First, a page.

The first reason is they lack the self-discipline to stay persistent in achieving a goal.
The second reason is they have low-self-efficacy, which is the hidden or inner disbelief that you can complete a goal before you even start taking steps toward it.
First, we’ll discuss self-discipline: the first barrier to achieving a desired goal.
Time management and persistence are the two things that will fuel your self-discipline. If you’re wasting your time and allowing yourself to be distracted from progressing towards your goal, you’re basically welcoming unsuccessful habits instead of the more desirable, successful ones. Not only that, but you’re also instilling those bad habits in your daily routine. So how do you change your routine and sustain your perseverance? You do it by deliberately and methodically focusing your thoughts and energy on the goal you want to reach.
Every time you’re faced with a task or goal, you have the choice to demonstrate excellence or mediocrity. You need to ask yourself, do you want to live a successful life, or an average one? If you choose success and excellence, you’ll have to fight and commit yourself to that level of excellence you want to achieve. Sometimes knowing exactly what you don’t want in life makes your self-discipline sustainable over the long run.
Second, let’s talk about low-self-efficacy, which is the second obstacle in converting your desired change into a goal.
Self-efficacy is the strength of your belief in your ability to achieve goals. If you have low self-efficacy, you don’t believe you can achieve your dreams, and chances are you’ve been leading a rather un-glamorous life instead of realizing your full potential.
On the other hand, people with high self-efficacy take on challenging tasks as things they can master, as long as they stick to them. People with low self-efficacy usually avoid challenges and almost never commit to their life goals. In some cases, they don’t even believe that change is possible, so it seems logical to them to give up before they even start.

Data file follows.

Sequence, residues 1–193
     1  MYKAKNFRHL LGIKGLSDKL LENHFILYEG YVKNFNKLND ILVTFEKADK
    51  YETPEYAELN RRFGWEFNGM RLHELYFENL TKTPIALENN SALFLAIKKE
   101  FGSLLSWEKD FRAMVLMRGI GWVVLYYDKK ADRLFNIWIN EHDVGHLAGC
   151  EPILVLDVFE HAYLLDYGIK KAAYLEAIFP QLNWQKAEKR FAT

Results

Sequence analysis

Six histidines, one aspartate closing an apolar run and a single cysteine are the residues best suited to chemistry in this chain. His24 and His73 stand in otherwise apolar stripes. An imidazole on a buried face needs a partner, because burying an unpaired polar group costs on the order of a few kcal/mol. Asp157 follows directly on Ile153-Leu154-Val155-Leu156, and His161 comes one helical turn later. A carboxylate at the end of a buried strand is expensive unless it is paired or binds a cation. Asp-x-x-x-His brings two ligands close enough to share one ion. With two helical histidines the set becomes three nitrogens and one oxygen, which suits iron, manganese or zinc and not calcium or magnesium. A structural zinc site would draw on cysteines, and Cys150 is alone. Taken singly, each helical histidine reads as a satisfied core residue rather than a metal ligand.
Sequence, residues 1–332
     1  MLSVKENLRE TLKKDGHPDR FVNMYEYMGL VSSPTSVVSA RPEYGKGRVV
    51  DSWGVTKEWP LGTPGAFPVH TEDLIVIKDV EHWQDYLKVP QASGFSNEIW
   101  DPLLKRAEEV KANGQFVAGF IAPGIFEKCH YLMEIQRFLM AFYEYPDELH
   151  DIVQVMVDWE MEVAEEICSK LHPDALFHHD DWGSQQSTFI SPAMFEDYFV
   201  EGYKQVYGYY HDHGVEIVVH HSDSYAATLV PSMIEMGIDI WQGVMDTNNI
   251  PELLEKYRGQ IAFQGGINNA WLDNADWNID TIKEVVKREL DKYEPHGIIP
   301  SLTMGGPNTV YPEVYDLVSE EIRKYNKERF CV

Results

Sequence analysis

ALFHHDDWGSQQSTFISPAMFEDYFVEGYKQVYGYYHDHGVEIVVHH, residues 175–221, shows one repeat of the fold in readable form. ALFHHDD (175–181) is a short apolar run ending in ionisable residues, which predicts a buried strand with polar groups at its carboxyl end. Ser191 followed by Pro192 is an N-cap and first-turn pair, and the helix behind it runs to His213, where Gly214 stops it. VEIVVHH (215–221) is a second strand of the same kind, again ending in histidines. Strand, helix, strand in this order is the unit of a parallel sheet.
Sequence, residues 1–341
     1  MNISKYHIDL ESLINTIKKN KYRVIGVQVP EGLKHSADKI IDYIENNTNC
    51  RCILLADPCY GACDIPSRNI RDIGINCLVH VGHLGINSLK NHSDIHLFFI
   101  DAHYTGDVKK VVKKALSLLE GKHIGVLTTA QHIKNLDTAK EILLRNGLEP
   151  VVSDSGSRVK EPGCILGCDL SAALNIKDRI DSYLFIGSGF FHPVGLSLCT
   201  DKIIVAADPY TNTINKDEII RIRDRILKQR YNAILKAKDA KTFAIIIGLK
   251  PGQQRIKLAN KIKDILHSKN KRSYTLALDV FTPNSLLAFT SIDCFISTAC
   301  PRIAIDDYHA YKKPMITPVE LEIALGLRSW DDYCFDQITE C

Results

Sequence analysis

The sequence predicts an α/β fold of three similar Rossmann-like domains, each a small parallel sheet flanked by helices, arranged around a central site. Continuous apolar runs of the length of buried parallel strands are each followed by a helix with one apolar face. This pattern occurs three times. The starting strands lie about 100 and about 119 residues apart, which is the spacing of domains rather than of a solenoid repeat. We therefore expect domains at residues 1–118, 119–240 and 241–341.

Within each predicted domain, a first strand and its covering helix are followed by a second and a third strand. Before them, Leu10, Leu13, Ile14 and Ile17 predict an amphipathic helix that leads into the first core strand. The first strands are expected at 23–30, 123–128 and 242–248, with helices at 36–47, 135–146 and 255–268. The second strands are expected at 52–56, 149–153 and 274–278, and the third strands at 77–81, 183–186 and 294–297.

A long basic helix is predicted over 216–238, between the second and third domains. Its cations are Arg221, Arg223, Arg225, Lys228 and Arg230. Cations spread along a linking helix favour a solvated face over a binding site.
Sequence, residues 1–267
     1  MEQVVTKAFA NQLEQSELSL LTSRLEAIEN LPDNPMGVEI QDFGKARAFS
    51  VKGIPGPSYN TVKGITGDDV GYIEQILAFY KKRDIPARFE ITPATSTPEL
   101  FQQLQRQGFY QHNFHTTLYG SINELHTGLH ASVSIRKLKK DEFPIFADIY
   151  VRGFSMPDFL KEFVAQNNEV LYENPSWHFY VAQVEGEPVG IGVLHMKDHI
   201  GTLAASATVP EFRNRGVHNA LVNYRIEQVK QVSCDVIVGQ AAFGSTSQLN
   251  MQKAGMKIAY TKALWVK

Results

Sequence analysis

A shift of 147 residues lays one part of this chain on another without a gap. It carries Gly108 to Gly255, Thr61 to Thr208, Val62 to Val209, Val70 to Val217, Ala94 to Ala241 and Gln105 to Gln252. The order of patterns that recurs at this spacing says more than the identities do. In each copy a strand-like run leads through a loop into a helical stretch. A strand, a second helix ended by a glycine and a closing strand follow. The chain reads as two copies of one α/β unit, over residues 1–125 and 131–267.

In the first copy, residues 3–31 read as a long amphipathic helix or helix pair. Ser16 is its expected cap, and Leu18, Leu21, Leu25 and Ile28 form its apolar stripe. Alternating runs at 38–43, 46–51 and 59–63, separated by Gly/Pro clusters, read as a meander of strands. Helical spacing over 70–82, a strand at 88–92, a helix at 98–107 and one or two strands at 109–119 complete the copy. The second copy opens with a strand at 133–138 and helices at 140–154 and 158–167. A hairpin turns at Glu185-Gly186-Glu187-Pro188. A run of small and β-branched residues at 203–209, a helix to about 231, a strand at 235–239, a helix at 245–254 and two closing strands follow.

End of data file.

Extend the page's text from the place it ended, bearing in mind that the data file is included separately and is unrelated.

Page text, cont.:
So how can people with low self-efficacy try to deal with it? They need to identify the negative self-limiting belief that keeps them far from a certain desired outcome.
Having said that, here is a committed action plan that successful people implement weekly:
1- Identify your reason for achieving your desired goal.
2- View your desired outcome as a positive change.
3- Construct a routine of self-discipline while focusing on progressing toward your desired goal, and not looking back.
- Use time-management and keep progressing by staying persistent and repeatedly choosing your desired outcome.
4- Increase your self-efficacy by:
- Realizing those limiting beliefs slow you down and impede your progress.
- Replacing those limiting beliefs with new, powerful beliefs.
5- Write down the action plan with specifics and completion dates.
6- Find a partner to share your daily goal’s progress with.
7- Reward yourself weekly for staying on track.
8- Repeat items 1-7.
Now that you know the secret routine of successful people, you’re ready to take control of your life and infuse it with actions. Remember, if you want to win, you need to start and progress daily in life! No race was ever won by standing on the side lines and thinking about winning that race!